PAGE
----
Most of us have heard that we should get between 7 and 8 hours of sleep per night. Do we get that? Probably not often enough and when we do it’s not the quality of sleep we really need. What happens is that we end up sleepy during the day, fatigued, tired and not at 100% for what we are doing. Listed below are some of the causes and the remedies that help.
1. Sleep apnea affects many even if they aren’t aware of it. Sleep apnea is when one stops breathing momentarily, causing a momentary wake up during the night. We aren’t aware of waking up and end up deprived of precious sleep because of it. The key to resolving this problem is.
a. If you are overweight, losing weight can actually help. Reduce the amount of alcohol you drink. Alcohol relaxes the muscles in our bodies and causes the muscles in the throat to slightly close thus causing a stoppage in breathing. Another remedy is to sleep with a CPAP device. This can often be prescribed by your doctor and allows the airways to stay open during the night. One might also try an oral appliance or stop snoring aid. Get one that positions the lower jaw slightly forward. This helps keep the airways open.
2. Check your eating habits. Irregular eating patterns and / or a poor diet can cause fatigue. These two habits can cause blood sugar levels to spike or drop throughout the day causing fatigue. The best remedy for these is to eat a healthy breakfast. Protein and complex carbohydrates are good sources of longer lasting energy and will sustain your energy levels better throughout the day. Try eating 3 regular meals per day and two light, healthy snacks between meals. Healthy snacks means fruits and cheese etc. Candy and sweets can be a good source of quick energy but it does not last long and you may end up worse when they are done.
3. Did you know that Anemia is the leading cause of fatigue for women? Especially during their menstrual cycles the blood loss can cause iron deficiencies which reduces the production and count of red blood cells in the body. If this is the case one should look into taking a vitamin supplement with Iron. Most women’s vitamins are fortified with this. Foods that will help are lean meats, liver, shellfish, fortified cereals, and beans.
4. Many of us think of depression as a mental health issue; however depression can also be a leading cause of fatigue, lack of motivation, loss of appetite and may other problems. If you have been feeling fatigued and down for more than a couple of weeks then see your doctor and make sure it’s not depression.
5. Get your thyroid checked. Your thyroid gland controls the speed at which the body converts food into energy. During hypothyroidism this can slow down and cause fatigue. Your doctor can perform a simple blood test to measure this and prescribe medications that can help or even dietary recommendations to help.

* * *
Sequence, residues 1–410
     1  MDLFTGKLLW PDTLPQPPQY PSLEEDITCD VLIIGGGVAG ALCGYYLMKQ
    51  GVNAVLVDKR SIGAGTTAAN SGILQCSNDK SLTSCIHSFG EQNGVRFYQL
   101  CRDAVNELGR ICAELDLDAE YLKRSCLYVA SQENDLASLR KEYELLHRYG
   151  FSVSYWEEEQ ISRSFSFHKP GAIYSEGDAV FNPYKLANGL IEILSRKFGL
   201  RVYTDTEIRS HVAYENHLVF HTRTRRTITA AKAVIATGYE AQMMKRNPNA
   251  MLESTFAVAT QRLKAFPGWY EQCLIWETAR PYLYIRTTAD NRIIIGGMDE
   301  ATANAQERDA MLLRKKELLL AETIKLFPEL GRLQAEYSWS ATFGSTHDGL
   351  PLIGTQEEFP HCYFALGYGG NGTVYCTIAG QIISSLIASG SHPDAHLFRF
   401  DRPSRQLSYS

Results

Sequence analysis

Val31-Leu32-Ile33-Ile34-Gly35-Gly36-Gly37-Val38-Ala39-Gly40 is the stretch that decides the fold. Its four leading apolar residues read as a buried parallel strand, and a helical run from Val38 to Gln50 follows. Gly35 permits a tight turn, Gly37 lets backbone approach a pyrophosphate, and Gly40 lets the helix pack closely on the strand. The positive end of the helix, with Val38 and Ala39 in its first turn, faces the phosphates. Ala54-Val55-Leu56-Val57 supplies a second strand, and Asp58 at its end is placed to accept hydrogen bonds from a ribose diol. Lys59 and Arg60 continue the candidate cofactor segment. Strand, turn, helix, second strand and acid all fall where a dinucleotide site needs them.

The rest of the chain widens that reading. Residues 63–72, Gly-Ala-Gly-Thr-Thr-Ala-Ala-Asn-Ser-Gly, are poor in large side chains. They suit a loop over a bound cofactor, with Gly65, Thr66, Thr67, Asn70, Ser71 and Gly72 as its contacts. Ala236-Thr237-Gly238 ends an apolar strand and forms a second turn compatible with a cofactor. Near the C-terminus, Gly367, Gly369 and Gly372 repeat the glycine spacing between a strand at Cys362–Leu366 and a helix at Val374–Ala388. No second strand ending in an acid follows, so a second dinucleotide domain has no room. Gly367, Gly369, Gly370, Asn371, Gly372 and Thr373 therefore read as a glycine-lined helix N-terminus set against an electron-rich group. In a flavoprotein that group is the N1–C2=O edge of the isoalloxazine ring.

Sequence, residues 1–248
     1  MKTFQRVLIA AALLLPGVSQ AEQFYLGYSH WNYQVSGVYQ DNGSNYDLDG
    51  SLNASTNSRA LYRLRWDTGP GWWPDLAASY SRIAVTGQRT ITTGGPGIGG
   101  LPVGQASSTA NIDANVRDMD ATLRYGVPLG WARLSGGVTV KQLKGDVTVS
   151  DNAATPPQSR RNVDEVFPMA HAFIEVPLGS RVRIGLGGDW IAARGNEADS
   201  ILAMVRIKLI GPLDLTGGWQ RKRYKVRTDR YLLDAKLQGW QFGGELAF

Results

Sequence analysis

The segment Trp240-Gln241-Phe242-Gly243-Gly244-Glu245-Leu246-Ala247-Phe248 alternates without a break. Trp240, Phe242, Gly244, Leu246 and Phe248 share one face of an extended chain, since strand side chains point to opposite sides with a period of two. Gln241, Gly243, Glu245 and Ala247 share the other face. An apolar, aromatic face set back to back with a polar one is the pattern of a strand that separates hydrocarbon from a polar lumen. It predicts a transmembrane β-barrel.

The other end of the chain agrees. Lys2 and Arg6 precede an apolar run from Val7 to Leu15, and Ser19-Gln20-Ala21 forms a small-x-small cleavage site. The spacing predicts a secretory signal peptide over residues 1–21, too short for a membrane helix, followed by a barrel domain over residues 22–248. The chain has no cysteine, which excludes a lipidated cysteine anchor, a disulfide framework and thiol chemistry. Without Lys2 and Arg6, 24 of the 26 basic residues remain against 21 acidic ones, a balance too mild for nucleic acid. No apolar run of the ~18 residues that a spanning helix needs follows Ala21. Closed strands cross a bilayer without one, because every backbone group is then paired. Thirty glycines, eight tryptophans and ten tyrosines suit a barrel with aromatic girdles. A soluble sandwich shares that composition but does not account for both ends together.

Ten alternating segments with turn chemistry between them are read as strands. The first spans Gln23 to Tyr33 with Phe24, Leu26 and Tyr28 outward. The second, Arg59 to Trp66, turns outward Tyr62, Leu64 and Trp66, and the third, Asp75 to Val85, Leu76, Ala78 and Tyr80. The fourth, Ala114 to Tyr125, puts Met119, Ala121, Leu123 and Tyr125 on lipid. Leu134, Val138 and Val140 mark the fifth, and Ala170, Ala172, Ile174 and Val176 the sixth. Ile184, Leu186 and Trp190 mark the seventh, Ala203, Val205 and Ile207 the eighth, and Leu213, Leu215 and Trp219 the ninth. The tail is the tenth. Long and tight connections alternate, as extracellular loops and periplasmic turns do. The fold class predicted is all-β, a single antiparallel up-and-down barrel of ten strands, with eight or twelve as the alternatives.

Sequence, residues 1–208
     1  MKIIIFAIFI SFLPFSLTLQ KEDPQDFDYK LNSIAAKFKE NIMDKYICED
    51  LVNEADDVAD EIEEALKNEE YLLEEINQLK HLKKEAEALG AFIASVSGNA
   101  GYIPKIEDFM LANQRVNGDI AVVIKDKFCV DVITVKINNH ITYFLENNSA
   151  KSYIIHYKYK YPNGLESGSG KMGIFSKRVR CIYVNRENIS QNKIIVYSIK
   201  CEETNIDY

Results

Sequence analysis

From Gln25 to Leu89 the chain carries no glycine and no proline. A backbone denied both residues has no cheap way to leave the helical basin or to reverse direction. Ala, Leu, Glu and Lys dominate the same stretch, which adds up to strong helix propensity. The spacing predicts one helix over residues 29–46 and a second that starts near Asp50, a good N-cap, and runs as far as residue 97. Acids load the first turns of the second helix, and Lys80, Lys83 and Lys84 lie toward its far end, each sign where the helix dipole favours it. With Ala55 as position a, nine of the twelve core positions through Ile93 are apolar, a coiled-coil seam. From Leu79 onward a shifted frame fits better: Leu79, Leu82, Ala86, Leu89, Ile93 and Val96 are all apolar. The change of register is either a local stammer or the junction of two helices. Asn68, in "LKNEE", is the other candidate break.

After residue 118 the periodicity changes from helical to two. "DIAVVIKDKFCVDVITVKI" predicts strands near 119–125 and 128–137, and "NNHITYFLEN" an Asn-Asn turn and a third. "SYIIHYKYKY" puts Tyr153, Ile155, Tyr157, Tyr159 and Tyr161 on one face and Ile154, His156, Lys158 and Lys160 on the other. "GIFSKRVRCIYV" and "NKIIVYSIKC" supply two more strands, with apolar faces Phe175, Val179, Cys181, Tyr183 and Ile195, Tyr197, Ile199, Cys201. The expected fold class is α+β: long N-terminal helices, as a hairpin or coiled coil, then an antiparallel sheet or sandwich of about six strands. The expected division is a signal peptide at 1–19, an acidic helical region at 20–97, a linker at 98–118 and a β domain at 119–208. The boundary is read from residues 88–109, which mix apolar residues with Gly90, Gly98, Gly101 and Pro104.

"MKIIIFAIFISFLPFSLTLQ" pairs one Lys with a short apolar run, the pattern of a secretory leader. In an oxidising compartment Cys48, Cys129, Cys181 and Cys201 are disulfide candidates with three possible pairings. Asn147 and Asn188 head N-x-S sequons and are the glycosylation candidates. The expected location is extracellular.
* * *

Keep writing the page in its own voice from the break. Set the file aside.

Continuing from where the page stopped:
6. Caffeine can actually cause fatigue. Caffeine can help with alertness and keeping awake however it also can increase heart rate, jitteriness and in some people it causes fatigue. If you drink a lot of caffeinated drinks you may consider cutting back. Do not stop abruptly with caffeine as it can actually cause withdrawal symptoms and added fatigue.
7. Infections can cause fatigue and trouble waking up. I speak from experience on this one. During my college years I had an abscess tooth that I did not get taken care of. It became infected and as a result I was always tired, late for class and slept in classes. Shortly after fixing the problem I had more energy and less trouble waking up etc. UTI’s can also cause these symptoms as well. If you have an infection most antibiotics will help clear that up.
8. Dehydration will cause fatigue in the body. Did you know that by the time you feel thirsty you are already dehydrated? The main preventive measure for this is to drink water continually throughout the day. Even if you work a desk job you can become dehydrated. One should drink about two cups of water throughout the day, and even more prior to exercise. Tip: Keep water near your desk or workstation and sip on it throughout the day. 10 to 12 sips of water per hour can help you support hydration.
9. Diabetes can cause significant fatigue. Diabetes causes large levels of sugar to stay in the blood stream instead of being absorbed into the cells for energy. This in turn will result in fatigue or loss of energy. See your doctor if you think it may be diabetes.
10. If you frequently change working shifts or sleeping hours this can disrupt your sleeping patterns. If you work different shifts one way to make sure you get sleep is to make sure to keep your bedroom as dark and quiet as possible. Avoid having radios, televisions and other distractions in the bedroom regardless as this can promote disrupted sleep. White noise such as a fan can also help. If you do not work shifts that change try to keep your sleeping times the same every night, even weekends. It’s ok to vary about an hour on the weekends but try to keep it moderate to avoid the abrupt sleeping pattern changes that can cause problems.
11. A great way to fight fatigue is to exercise. 20 minutes of cardiovascular exercise 3 times a week has been proven to increase energy levels and fight fatigue.
Hopefully this helps you out with the fight against fatigue. Good Luck and enjoy.